Horatius

Symposion

Member
Another option would be to read Caesar's De Bello Civili. It can be a bit more complicated than De Bello Gallico, but it can be interesting to study because there's a lot of ways Caesar is kind of twisting the truth or presenting things in a certain way.
I am much interested in the Roman civil war between Caesar and Pompeius. At the moment I am thinking about either reading Aeneis or not. It really depends if it is too difficult for me.
 

Cinefactus

Censor
Staff member
You are right in that I did not like Cicero and would rather read Vergilius now. Is he too difficult for me at the moment?
I wouldn't think so. Ovids poems in elegiac couplets are easier though.
If you prefer history, you could always try Sallust. I much prefer his writing to Caesar.
 

AoM

nulli numeri
Yes, that book's good too (very propaganda-ish in favor of Rome), but I just prefer some of the other ones. But book 6 is definitely a popular one as well. To me, it seemed like the first 6 books were more self-contained episodes (i.e. each book can theoretically be read on its own and tell a cohesive unit of the story), whereas books 7-12 are more connected and tell the long story of the war that ensues when Aeneas arrives in Italy.
What did you find propaganda-ish? The only one that really sticks out to me is 789-805.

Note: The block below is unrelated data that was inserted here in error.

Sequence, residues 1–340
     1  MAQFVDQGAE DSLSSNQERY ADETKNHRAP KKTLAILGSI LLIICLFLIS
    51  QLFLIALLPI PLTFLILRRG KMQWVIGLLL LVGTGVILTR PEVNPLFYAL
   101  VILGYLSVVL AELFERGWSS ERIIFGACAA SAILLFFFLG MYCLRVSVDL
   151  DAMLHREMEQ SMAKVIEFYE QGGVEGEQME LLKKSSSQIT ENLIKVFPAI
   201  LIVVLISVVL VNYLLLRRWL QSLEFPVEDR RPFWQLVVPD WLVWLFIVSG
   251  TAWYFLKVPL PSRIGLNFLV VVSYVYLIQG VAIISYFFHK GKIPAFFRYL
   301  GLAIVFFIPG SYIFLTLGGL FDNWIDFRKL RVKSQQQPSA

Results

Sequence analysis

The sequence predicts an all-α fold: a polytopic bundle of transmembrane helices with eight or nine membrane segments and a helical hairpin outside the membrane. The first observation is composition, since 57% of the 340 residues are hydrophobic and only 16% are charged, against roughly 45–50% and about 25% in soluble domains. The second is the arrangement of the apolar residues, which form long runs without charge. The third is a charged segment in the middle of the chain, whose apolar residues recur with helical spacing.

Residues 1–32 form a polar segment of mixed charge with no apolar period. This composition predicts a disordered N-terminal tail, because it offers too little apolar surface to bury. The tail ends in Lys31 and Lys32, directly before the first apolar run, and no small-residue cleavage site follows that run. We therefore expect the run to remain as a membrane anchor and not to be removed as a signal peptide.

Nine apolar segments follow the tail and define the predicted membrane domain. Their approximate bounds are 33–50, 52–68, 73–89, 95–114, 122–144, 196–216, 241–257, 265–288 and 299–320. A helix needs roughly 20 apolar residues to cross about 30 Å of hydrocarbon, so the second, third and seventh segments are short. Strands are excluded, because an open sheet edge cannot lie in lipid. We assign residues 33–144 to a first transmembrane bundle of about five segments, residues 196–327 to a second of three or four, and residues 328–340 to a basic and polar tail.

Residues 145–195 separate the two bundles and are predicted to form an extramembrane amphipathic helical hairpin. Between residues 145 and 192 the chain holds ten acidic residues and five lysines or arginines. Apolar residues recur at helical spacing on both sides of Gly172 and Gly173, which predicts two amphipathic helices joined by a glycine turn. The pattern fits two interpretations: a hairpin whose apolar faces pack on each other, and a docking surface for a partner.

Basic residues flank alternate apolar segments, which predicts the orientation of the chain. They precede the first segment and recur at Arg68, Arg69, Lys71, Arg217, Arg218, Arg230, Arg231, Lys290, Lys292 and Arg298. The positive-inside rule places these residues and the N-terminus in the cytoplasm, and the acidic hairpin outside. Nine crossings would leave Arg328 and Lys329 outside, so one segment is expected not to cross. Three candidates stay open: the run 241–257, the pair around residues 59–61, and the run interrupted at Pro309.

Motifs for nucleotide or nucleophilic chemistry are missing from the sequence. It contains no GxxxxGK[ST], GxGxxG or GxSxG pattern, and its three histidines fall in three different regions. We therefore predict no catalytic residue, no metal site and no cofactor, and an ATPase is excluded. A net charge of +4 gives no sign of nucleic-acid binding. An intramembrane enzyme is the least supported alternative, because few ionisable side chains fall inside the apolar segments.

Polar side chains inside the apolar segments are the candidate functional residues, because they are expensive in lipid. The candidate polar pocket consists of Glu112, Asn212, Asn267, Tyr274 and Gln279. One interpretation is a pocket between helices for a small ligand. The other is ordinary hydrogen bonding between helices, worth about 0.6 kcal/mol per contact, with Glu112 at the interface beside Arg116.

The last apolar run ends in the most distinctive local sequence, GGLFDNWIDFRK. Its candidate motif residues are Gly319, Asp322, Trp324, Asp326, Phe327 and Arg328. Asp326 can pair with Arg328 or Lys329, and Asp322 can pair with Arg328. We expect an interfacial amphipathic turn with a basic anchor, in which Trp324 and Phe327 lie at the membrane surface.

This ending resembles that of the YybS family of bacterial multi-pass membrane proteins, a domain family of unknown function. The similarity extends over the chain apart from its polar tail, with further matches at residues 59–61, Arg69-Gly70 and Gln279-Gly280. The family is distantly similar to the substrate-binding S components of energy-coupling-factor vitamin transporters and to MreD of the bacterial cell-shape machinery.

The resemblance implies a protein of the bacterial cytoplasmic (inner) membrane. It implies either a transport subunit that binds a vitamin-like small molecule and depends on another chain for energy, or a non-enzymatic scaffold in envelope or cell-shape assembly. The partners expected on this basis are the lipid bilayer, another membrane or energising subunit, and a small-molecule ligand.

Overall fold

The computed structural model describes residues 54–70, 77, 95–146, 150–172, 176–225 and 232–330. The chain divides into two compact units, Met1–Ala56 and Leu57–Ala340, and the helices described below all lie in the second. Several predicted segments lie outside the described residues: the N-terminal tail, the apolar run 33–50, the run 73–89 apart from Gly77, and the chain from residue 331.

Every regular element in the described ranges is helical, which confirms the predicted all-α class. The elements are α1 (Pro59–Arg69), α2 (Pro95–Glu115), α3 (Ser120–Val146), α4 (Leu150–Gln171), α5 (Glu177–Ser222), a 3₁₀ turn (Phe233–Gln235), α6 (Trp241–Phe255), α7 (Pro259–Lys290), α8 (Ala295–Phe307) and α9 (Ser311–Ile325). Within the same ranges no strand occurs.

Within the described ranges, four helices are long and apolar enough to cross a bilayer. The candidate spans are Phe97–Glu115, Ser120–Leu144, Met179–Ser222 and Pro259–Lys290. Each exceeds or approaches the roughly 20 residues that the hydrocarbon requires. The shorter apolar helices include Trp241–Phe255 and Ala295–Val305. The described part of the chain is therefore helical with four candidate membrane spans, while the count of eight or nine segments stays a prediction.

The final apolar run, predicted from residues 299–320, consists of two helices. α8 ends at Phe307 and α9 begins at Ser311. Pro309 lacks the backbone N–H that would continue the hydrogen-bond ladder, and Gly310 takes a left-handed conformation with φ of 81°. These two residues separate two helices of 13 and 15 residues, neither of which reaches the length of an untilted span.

Matthaeus

Vemortuicida strenuus
How can Cicero be boring?! o_O
I guess de gustibus eqs...
 

Dantius

Homo Sapiens
Staff member
What did you find propaganda-ish? The only one that really sticks out to me is 789-805.
Not necessarily "propaganda" exactly I suppose but just seeming very much in favor of Rome and Augustus as emperor.
 

AoM

nulli numeri
Not necessarily "propaganda" exactly I suppose but just seeming very much in favor of Rome and Augustus as emperor.
Well, of course. It's Rome's founding myth lol. I'd say patriotism more than propaganda.

Though the very ending of the epic. Now that's a statement on Rome and its power.
 

Symposion

Member
Would it be better for me at this point to read Germania by Tacitus from 98 or Aeneis by Vergilius in Classical Latin first?
 

Dantius

Homo Sapiens
Staff member
I'd say definitely the Aeneid. If you're struggling with Cicero, Tacitus is quite a bit harder than Cicero, in my opinion, because there's a ton of implied words and weird constructions.
 

Symposion

Member
Thank you for your information Dantius. I have now decided to read Liber VI of Aeneis by Vergilius. This as here is included the famous predestiny of the Roman people. Is it not so?
 

AoM

nulli numeri
ita vero.
 

Dantius

Homo Sapiens
Staff member
Indeed, that's not surprising, because Vergil will use a lot of poetic vocabulary and a lot of words that aren't common in Caesar. However you shouldn't let that deter you because most authors have a more complex vocabulary than Caesar, so you'll have to learn these words eventually. What I would recommend is reading it once going through looking up all the words, and then rereading it once you're done to get the flow and poetic devices and the story.
 

Symposion

Member
I want to read the epic because it is so famous. I am also interested about the time of Augustus. I wonder if the unfamiliar classical words used in the Aeneis are important for me who primarily want to read texts from the Middle Ages.
 

Cinefactus

Censor
Staff member
His vocab is not infinite. Once you get used to his style and word choice you can read great slabs at a time. The Aeneid was used for teaching in the middle ages, so I would not be surprised if you found words and style copied from Vergil in the texts you are interested in.
 
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